Those Happy Few

WESTMORLAND: O that we now had here
But one of those men in France
That do no work to-day!

KING: What's he that wishes so?
My cousin, Westmorland? No, my fair cousin;
If we are mark'd to die, we are enough
To do our country loss; and if to live,
The fewer men, the greater share of honour.
God's will! I pray thee, wish not one man more.
By Jove, I am not covetous for gold,
Nor care I who doth feed upon my cost;
It yearns me not if men my garments wear;
Such outward things dwell not in my desires.
But if it be a sin to covet honour,
I am the most offending soul alive.
No, faith, my coz, wish not a man from France.
God's peace! I would not lose so great an honour
As one man more methinks would share from me
For the best hope I have. O, do not wish one more!
Rather proclaim it, Westmorland, through my host,
That he which hath no stomach to this fight,
Let him depart; his passport shall be made,
And crowns for convoy put into his purse;
We would not die in that man's company
That fears his fellowship to die with us.
This day is call'd the feast of Crispian.
He that outlives this day, and comes safe home,
Will stand a tip-toe when this day is nam'd,
And rouse him at the name of Crispian.
He that shall live this day, and see old age,
Will yearly on the vigil feast his neighbours,
And say "To-morrow is Saint Crispian."
Then will he strip his sleeve and show his scars,
And say "These wounds I had on Crispin's day."
Old men forget; yet all shall be forgot,
But he'll remember, with advantages,
What feats he did that day. Then shall our names,
Familiar in his mouth as household words—
Harry the King, Bedford and Exeter,
Warwick and Talbot, Salisbury and Gloucester—
Be in their flowing cups freshly rememb'red.
This story shall the good man teach his son;
And Crispin Crispian shall ne'er go by,
From this day to the ending of the world,
But we in it shall be rememberèd—
We few, we happy few, we band of brothers;
For he to-day that sheds his blood with me
Shall be my brother; be he ne'er so vile,
This day shall gentle his condition;
And gentlemen in England now a-bed
Shall think themselves accurs'd they were not here,
And hold their manhoods cheap whiles any speaks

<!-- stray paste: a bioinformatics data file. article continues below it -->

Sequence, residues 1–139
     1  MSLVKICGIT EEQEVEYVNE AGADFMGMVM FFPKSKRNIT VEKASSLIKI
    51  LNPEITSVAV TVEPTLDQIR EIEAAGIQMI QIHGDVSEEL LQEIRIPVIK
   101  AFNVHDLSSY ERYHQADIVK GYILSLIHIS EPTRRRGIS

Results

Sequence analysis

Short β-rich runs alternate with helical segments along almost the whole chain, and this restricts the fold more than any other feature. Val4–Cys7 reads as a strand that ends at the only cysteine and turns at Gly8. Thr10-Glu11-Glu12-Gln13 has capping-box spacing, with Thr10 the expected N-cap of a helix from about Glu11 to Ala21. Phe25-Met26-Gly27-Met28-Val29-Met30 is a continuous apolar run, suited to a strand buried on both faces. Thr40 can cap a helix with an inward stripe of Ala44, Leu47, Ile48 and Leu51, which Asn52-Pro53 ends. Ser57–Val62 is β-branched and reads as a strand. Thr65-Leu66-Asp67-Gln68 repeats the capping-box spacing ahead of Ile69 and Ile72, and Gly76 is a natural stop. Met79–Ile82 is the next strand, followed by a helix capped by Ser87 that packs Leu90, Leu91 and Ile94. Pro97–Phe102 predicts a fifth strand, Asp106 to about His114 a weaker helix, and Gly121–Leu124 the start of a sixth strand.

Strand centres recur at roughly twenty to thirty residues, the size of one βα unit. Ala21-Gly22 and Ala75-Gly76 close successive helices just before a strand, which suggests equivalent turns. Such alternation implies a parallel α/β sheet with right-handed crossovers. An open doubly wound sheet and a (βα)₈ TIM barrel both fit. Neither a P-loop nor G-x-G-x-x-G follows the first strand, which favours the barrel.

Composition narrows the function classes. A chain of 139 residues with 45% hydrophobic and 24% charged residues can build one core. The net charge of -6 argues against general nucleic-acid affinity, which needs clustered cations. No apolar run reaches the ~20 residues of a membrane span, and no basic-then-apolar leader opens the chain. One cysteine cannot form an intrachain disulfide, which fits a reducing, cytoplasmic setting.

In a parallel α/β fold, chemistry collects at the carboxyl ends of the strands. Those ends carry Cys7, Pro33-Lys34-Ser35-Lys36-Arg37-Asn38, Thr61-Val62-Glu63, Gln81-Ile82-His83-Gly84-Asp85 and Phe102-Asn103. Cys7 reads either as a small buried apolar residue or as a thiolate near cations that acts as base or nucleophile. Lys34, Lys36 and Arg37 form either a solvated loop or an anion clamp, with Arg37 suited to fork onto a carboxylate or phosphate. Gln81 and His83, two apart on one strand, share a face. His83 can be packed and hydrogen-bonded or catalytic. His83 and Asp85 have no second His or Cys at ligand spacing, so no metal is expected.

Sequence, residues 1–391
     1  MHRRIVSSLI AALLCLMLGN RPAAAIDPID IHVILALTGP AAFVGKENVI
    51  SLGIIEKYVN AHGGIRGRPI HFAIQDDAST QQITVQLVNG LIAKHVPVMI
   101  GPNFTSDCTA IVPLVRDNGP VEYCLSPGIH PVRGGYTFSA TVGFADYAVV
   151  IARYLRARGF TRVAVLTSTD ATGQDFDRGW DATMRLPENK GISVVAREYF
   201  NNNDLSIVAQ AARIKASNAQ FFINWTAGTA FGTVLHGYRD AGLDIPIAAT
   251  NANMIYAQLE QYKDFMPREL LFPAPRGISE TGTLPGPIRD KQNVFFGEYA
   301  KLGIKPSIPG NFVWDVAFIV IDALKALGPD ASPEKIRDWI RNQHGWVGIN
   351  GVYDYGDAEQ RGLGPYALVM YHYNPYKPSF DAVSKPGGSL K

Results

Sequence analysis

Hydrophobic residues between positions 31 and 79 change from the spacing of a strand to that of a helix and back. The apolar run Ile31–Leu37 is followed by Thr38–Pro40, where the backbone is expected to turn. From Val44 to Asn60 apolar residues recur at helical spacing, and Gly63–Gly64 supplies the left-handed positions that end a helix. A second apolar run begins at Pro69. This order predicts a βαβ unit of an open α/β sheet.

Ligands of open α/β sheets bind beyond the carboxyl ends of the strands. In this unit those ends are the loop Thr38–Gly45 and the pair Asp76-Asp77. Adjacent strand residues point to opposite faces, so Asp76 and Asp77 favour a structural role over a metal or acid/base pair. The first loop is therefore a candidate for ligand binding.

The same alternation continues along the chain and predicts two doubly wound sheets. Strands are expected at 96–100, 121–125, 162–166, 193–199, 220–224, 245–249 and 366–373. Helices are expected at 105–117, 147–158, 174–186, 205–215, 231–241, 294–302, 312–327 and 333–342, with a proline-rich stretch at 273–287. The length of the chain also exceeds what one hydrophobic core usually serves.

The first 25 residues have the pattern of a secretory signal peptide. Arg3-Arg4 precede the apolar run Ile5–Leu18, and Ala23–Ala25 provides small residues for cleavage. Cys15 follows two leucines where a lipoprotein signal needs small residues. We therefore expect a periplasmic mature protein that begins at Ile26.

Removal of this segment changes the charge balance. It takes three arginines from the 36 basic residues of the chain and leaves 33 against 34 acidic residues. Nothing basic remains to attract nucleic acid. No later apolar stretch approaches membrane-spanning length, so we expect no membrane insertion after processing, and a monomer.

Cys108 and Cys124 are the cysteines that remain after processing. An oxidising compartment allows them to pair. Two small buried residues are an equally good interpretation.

That fought with us upon Saint Crispin's day.

Thus proclaims King Henry V in one of my favorite wartime speeches—the famous “band of brothers” speech in William Shakespeare’s historical play Henry V, in Act IV Scene iii (18-67), on the eve of battle at Agincourt, on Saint Crispin’s Day—a speech to which warriors in reality have often referred, which Shakespeare penned back in the 16th Century, which ever holds true, though it is a fictional oration in glorious iambic pentameter.

I read this speech aloud to a friend of mine once who was unfamiliar with the play, and he said, “That sounds awful arrogant!” I thought about that. Perhaps . . . it may sound arrogant. But I don’t think it is, for—to me—this oration exemplifies the warrior and his attitude. And this attitude is not necessarily arrogance, but more often it is confidence of a rare and necessary kind.

The warrior looks his enemy in the face and sneers. He spits in his enemy’s eye and says, “Try to kill me! If you dare. But you will buy my life at a heavy price. I will take as much of you with me as I can. I will not surrender!” The warrior realizes that all men die. What matters, while here on Earth, is how you live.

Although I have never experienced physical war, I believe this is true. I can identify well with it. I feel it is correct, no matter what kind of fighter the warrior is, whether a wielder of arms, a defender of truth, or an everyday citizen, battling to make a place in this world, struggling to provide for his family. Whether he be a soldier, a politician, a thinker, a farmer, or a businessman, if he is for the right, the warrior knows he must stand and fight. Retreat is not an option.

The coward will never stand shoulder to shoulder with the warrior. The criminal, the lazy man, the sleazy politician, the immoral one . . . these cannot attain the honor the warrior holds. The warrior’s code says, “No surrender!” and the coward sometimes mocks this, must mock it. Yet, deep down, the coward knows he falls short.

And so, I am stirred by those words of “and those men afraid to go will think themselves lesser men when they hear how we fought and died together.”

“We few, we happy few. We band of brothers.”

May I be one of those few!

3 thoughts on “Those Happy Few

  1. I stand by what I wrote back in 2015:

    “What the speech evokes is universal. It is a vision of a king humbling himself (Phil. 2:6-8), making himself one of his men, and thereby exalting them (2 Cor. 8:9), so that they are not slaves, but sons (John 15:15). G.K. Chesterton observes that ‘there is a great man who makes every man feel small. But the real great man is the man who makes every man feel great.’ Like Christ, Henry’s stirring appeal to these men is to surrender themselves to something greater.”

  2. Pingback: 2 Weeks of Brief Literary Thoughts – The Flummoxed

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